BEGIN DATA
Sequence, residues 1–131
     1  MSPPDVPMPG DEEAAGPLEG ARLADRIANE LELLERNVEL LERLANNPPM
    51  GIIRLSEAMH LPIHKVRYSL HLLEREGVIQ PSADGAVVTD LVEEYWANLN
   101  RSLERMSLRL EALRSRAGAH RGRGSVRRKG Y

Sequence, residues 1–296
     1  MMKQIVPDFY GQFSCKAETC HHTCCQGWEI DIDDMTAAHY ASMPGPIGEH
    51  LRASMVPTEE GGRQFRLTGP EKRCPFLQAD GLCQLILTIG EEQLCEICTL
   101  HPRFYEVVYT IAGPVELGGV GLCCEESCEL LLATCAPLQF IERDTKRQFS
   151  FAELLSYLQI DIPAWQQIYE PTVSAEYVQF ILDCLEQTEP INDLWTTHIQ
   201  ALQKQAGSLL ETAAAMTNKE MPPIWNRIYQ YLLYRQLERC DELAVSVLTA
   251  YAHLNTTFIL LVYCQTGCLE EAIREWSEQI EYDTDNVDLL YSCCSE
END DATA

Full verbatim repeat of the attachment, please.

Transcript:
Sequence, residues 1–131
     1  MSPPDVPMPG DEEAAGPLEG ARLADRIANE LELLERNVEL LERLANNPPM
    51  GIIRLSEAMH LPIHKVRYSL HLLEREGVIQ PSADGAVVTD LVEEYWANLN
   101  RSLERMSLRL EALRSRAGAH RGRGSVRRKG Y

Sequence, residues 1–296
     1  MMKQIVPDFY GQFSCKAETC HHTCCQGWEI DIDDMTAAHY ASMPGPIGEH
    51  LRASMVPTEE GGRQFRLTGP EKRCPFLQAD GLCQLILTIG EEQLCEICTL
   101  HPRFYEVVYT IAGPVELGGV GLCCEESCEL LLATCAPLQF IERDTKRQFS
   151  FAELLSYLQI DIPAWQQIYE PTVSAEYVQF ILDCLEQTEP INDLWTTHIQ
   201  ALQKQAGSLL ETAAAMTNKE MPPIWNRIYQ YLLYRQLERC DELAVSVLTA
   251  YAHLNTTFIL LVYCQTGCLE EAIREWSEQI EYDTDNVDLL YSCCSE